Friday, October 24, 2014
Netflix This Movie! Vol. 100
Satan's Little Helper (2004, dir. Jeff Lieberman) Because I like it more than Halloween (1978). I'm not saying it's a better movie though. And yes, I am high.
Sorority House Massacre II (1990, dir. Jim Wynorski) A few weeks ago someone commented on my post about American Ninja claiming that the poster is every stereotype of 1980s action movie. Well, I think they wrapped up the '80s and decided to put together every stereotype of '80s horror in 1990’s Sorority House Massacre II. Let me just set it up: a group of girls move into a new house to start a sorority, and after walking around topless for no particular reason (because apparently that’s the type of shit they do in sorority houses) the girls find out the house was once a part of a murder. Well, what better idea to have at this point than to break out the Oujia board?Needless to say a whole bunch of shit goes down. I would have liked to see better kills, but I have to admit I found the movie fun.
The Last Days on Mars (2013, dir. Ruairi Robinson) Is this a bad movie (as many critics would have you believe), or is it just a disappointing movie? That's a weird way to begin a recommendation, but HEAR ME OUT. I was excited when I featured the trailer for The Last Days on Mars in September 2013, because I love movies that take place in space. Also, ZOMBIES! The director, Ruairi Robinson, is a promising up-and-comer, and the cast consists of solid middleweights Liev Schreiber, Elias Koteas and Olivia Williams. So why doesn't it completely work? For one thing, it takes itself way too seriously, even when the undead start to comically screech and claw and cough up blood. Likewise, it can't seem to find the right balance between moody sci-fi thriller and shocking B-movie camp. The beautiful cinematography and atypical score can't compensate for what is, essentially, a standard zombie flick. But it's not all bad -- there are some compelling performances, unique tech design (which, granted, is borrowed from a dozen other sci-fi movies) and a lot of AMBITION. Finally, it's better than Prometheus, so it's got that going for it. Watch it and tell me what you think.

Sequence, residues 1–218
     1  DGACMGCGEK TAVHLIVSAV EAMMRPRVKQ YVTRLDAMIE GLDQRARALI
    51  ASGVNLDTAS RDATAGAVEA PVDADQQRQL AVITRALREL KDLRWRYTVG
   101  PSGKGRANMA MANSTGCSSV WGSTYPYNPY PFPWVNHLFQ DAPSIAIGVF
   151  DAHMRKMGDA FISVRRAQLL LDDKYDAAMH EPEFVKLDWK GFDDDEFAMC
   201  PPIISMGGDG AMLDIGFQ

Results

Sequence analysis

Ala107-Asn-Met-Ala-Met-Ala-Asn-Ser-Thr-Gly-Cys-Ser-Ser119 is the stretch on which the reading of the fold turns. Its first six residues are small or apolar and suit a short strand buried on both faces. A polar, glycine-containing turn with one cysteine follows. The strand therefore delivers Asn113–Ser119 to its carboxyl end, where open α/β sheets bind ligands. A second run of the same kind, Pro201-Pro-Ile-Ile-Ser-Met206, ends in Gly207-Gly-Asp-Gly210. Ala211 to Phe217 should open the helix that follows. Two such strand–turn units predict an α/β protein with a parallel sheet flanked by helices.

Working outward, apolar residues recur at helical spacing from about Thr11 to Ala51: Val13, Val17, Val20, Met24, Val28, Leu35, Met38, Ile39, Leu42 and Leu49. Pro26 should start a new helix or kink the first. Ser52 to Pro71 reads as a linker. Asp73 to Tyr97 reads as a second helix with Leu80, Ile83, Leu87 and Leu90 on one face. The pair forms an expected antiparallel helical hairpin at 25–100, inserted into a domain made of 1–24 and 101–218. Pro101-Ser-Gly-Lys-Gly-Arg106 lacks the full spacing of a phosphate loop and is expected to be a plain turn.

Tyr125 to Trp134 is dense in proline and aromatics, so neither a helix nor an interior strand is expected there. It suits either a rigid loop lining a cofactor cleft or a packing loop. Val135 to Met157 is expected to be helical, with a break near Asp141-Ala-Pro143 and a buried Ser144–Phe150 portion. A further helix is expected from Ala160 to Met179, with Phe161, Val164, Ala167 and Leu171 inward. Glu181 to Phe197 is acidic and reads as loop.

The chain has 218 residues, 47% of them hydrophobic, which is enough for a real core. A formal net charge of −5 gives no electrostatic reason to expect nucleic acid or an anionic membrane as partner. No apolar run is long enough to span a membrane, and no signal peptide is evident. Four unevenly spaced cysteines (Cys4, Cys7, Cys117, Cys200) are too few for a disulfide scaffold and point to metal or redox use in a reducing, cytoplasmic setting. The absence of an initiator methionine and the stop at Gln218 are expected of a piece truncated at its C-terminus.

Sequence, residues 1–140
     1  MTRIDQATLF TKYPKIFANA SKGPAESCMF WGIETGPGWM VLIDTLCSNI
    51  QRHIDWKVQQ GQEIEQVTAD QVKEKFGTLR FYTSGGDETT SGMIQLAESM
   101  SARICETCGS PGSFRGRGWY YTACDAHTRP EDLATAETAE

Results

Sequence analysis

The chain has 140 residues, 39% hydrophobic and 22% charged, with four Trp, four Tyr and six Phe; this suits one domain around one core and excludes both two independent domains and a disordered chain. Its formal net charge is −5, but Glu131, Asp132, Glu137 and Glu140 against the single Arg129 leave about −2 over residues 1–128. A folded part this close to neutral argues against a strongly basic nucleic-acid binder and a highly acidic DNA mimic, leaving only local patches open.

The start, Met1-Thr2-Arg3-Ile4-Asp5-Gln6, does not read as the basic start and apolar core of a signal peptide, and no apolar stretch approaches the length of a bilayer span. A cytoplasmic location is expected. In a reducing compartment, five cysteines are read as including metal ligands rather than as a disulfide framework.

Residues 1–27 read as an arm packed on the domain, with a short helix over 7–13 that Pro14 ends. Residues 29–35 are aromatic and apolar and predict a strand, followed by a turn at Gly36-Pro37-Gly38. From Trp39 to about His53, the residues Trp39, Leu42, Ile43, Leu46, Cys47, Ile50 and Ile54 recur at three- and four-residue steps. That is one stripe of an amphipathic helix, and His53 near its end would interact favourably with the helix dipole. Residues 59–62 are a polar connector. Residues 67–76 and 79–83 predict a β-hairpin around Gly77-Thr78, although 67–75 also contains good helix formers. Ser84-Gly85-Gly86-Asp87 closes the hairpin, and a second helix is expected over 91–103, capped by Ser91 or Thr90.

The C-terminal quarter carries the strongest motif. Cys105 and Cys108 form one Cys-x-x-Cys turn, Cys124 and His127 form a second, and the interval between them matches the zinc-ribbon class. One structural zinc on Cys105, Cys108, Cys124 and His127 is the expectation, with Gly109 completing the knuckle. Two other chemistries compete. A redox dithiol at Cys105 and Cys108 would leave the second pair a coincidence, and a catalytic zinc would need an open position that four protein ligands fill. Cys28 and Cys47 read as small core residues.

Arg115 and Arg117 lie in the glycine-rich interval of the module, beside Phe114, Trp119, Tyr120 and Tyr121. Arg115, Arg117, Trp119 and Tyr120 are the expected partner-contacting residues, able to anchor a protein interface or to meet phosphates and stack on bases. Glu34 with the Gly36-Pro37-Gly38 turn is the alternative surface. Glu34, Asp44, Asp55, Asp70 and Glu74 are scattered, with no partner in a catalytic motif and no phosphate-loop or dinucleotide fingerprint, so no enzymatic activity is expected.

Shadow of the Vampire (2000, dir. E. Elias Merhige) Like Hugo with fangs, this alternate history suggests that the star of F.W. Murnau's horror classic Nosferatu was a real vampire hired by the director to add authenticity to the film at the expense of his actors. John Malkovich brings an intensity to Murnau that outstrips his ability to pull off a German accent. Willem Dafoe is the star attraction as Max Schreck, aka. Count Orlok, aka. what his Green Goblin should have looked like. He's a dead (undead?) ringer for the silent actor, giving the re-creation of scenes from Nosferatu a documentary feeling that elevates the terror, while giving us movie types a peek into a long-dead filmmaking process.
Dr. Jekyll and Mr. Hyde (1920, dir. John S. Robertson) We're now one week away from Halloween and this is when I save the best stuff to watch. I'll be closing out #SMM with Universal Monsters, Vincent Price, and films like this 1920 silent version of the classic Robert Louis Stevenson story. John Barrymore is fantastic in his role as the fated doctor, performing most of the transformation from Jekyll to Hyde in one single shot without the aid of any special effects; it's all in the facial expressions, his body language, and the way he uses the light to his advantage. Later in the film prosthetics and makeup would be added, but the single shot transformation is one of the great moments in horror cinema. I've come to value these pre-Hays Code films for how raw and dark they often were, and this is a classic example of great silent horror.
The Fly (1958; dir: Kurt Neumann) While David Cronenberg’s 1986 remake of The Fly is one of my favorite horror films of all time, and an improvement on the original, I still really dig The Fly (1958). Its at once silly and creepy, and always a lot of fun. Like Halloween, The Exorcist or The Wolf Man, I find myself watching The Fly every October. Also, it makes me think of Lucas, which is never a bad thing.
Dead Silence (2007, dir. James Wan) It took me a few viewings to warm up to this one. James Wan's follow-up to Saw represented a huge departure for him at the time, switching up his debut movie's grisly, grimy aesthetic for something much more classical and gothic. It still doesn't all work -- the performances are generally weak, the "twist" is transparent and stupid and the moments of gore are at odds with the movie's overall tone -- but a lot of it does. There's creepy atmosphere, some amazing sets and more than one scary ass puppet, which is pretty much the foundation of the entire film. It's a movie that looks better now that Wan has gone on to make The Conjuring and the two Insidious films; we can see that he's always had an interest in making that kind of horror film and trace the evolution of his style. I recently heard (I think it was on -- and I promise it's the last time I'll mention it this week -- Killer POV) that the movie plays much better if you change the settings on your TV and watch it in black and white. I'd be willing to try.